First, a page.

The North’s deputy first minister, and former IRA commander, said the Queen’s invitation to him to visit her home at Windsor Castle had sent a very powerful message to the people of Ireland.
The Queen was ahead of the other elements of Britishness in pushing the peace process, Mr McGuinness said.
The Sinn Féin politician said it was clear the Queen was motivated by her own opinions and not being pushed into actions by the British government. “She had many reasons not to meet me, and me her, but I think we’ve risen above that and seen the contribution that these big acts of reconciliation can have.
“I’m overjoyed for the President. He is my President and I’m delighted he’s been accorded such a great welcome. The week will be noted for its spirit of generosity and peacemaking,” Mr McGuinness said.
The Queen in turn complimented Mr McGuinness on the leadership he had given in bringing about peace when the two met at a Northern Ireland-themed reception that the British monarch hosted at Windsor Castle to mark the state visit of President Michael D Higgins.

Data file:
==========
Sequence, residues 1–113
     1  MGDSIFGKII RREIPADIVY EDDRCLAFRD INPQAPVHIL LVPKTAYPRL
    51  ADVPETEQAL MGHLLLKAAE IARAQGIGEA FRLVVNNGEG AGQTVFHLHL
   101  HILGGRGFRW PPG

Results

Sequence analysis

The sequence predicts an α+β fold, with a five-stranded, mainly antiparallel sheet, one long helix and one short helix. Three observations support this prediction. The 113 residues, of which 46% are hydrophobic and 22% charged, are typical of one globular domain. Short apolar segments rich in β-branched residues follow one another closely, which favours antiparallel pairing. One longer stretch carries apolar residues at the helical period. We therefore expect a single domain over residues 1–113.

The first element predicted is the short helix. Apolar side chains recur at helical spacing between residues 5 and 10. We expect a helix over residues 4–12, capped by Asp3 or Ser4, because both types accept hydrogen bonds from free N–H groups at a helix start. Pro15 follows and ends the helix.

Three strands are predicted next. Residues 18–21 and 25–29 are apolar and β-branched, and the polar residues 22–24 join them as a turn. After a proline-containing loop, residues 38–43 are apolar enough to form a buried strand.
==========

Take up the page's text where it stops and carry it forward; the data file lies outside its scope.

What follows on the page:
Wife Sabina Higgins said there had been “a wonderful atmosphere” at the reception.
The remarks came as the cultural highlight of the President’s landmark visit to Britain saw the Royal Albert Hall come alive with a celebration of Irish music and poetry.
Elvis Costello, Imelda May, Glen Hansard, Lisa Hannigan, and Conor O’Brien of Villagers were among acts performing at the venue in a concert compèred by X Factor host Dermot O’Leary. The evening also saw readings by broadcaster Olivia O’Leary, actress Fiona Shaw, and author Joseph O’Connor.
Niall Horan from the chart-topping boyband One Direction was among the guests sitting alongside President Higgins in the royal box, as well as Prince and Princess Michael of Kent.
Taoiseach Enda Kenny, Tánaiste Eamon Gilmore, Mr McGuinness, Arts Minister Jimmy Deenihan, Children’s Minister Frances Fitzgerald, and ex-Tory prime minister John Major also attended.
Those who also took to the stage included John Sheahan of the Dubliners, the Gloaming, and the Band of the Irish Guards.
Mr Higgins paid tribute to the Irish in Britain community represented in the hall, saying: “I thank you most sincerely for the fidelity you have shown to Ireland over many years; for the contribution you have made to the development of Britain; and for your part in the consolidation of an enduring friendship between our two countries.
“You remain a cherished member of the Irish family.”